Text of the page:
Former JHHS baseball coach Wayne Johnson hangs up his spikes after 41 years

Many legendary LHSAA coaches have Jonesboro-Hodge High School on their resume. Some such as prep football coaching Hall of Famer, Don Shows and basketball coaching great Casey Jones, had their first head coaching jobs at JHHS. Then there are others such as recent retiree, Wayne Johnson, who spent quality years as a Tiger. 

Johnson hangs up his spikes after 41 years of calling signals from the third base coaching box where he compiled an amazing record of 889-270 as a head baseball coach. Included is the distinction of leading five separate programs to the state semifinals, winning two state championships (St. Frederick – 1982, Cedar Creek – 2000), three state runner-up finishes and over 30 district titles. 

“Well the beauty of my coaching career is the mission Jesus laid out for me, ” said Johnson. “[It] was the people involved the relationships you make with the people that’s what you miss a lot. Becoming successful and winning is secondary, really for me. It’s what you can do for other people. And, winning kind of comes along behind that …”

Wayne Johnson entered the profession of high school coaching in a unique way in that he never spent a single season as an assistant coach.  He did have several assistants of his go on to become head coaches in their own right such as Ben Haddox at Cedar Creek and Paul Guerriero at Neville High. His departure from the coaching ranks is in a way a coach dreams of.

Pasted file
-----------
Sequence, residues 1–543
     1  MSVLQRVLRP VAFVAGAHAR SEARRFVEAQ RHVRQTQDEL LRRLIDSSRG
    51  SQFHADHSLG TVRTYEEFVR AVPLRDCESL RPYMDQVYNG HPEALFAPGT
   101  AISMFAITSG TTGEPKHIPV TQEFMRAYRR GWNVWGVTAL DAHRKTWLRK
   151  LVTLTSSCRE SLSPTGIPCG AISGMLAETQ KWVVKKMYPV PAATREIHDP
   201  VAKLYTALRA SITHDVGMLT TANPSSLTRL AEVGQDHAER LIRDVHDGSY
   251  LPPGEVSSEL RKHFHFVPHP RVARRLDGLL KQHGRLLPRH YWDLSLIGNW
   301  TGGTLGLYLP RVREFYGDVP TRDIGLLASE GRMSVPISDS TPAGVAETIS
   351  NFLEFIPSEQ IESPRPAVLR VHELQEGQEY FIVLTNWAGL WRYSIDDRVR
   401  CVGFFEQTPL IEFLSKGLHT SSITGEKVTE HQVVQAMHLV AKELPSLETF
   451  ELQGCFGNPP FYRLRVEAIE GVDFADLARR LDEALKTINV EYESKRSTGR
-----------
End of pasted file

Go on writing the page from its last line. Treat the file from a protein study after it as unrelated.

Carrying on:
“Every coach would like to go out on top, and we had such a great year,” said Johnson, who spent his final season coaching at Mangham. “We won consecutive district titles and was in Sulphur playing for the state championship. You ask yourself after 41 years if not now when?”

Johnson led JHHS to three consecutive district championships and consistent deep runs in the playoffs each year during his tenure in the mid 1980’s after winning his first state title as St. Frederick’s in Monroe in 1982. When Johnson thinks back on that championship run, the first thing that comes to mind is the group that convinced him to stay.

“That team was really unique because Jonesboro-Hodge kept wanting to hire me as head baseball coach at that time,” Johnson said. “I was going to take it and some of the players came to my house and talked me into staying. It’s relationships like those that Johnson holds dearest. As he reflects on his career, that’s the first thing Johnson thinks about.

“I’ve been so blessed,” Johnson said. “God has blessed me so well. We won close to 30 district championships, and that’s not even easy to do. We’ve been through so many things in so many different communities. I attribute (the success) to the great people that I was associated with. They all became my friends and a part of my family.”

 


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